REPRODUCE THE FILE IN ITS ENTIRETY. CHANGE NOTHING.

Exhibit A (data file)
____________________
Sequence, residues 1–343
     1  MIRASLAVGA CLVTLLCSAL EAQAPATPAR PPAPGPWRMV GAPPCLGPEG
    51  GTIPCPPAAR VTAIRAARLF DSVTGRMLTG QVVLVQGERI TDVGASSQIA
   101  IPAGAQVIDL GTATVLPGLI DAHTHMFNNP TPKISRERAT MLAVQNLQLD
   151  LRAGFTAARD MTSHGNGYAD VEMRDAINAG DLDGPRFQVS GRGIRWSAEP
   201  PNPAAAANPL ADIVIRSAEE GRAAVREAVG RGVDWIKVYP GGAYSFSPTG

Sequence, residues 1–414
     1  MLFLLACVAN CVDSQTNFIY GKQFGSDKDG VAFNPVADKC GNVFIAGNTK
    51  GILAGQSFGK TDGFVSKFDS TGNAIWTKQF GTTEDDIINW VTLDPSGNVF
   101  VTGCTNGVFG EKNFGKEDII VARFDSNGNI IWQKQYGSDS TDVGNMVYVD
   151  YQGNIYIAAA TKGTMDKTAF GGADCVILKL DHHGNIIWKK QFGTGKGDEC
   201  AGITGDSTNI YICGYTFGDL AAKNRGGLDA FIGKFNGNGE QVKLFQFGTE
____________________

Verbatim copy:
Sequence, residues 1–343
     1  MIRASLAVGA CLVTLLCSAL EAQAPATPAR PPAPGPWRMV GAPPCLGPEG
    51  GTIPCPPAAR VTAIRAARLF DSVTGRMLTG QVVLVQGERI TDVGASSQIA
   101  IPAGAQVIDL GTATVLPGLI DAHTHMFNNP TPKISRERAT MLAVQNLQLD
   151  LRAGFTAARD MTSHGNGYAD VEMRDAINAG DLDGPRFQVS GRGIRWSAEP
   201  PNPAAAANPL ADIVIRSAEE GRAAVREAVG RGVDWIKVYP GGAYSFSPTG

Sequence, residues 1–414
     1  MLFLLACVAN CVDSQTNFIY GKQFGSDKDG VAFNPVADKC GNVFIAGNTK
    51  GILAGQSFGK TDGFVSKFDS TGNAIWTKQF GTTEDDIINW VTLDPSGNVF
   101  VTGCTNGVFG EKNFGKEDII VARFDSNGNI IWQKQYGSDS TDVGNMVYVD
   151  YQGNIYIAAA TKGTMDKTAF GGADCVILKL DHHGNIIWKK QFGTGKGDEC
   201  AGITGDSTNI YICGYTFGDL AAKNRGGLDA FIGKFNGNGE QVKLFQFGTE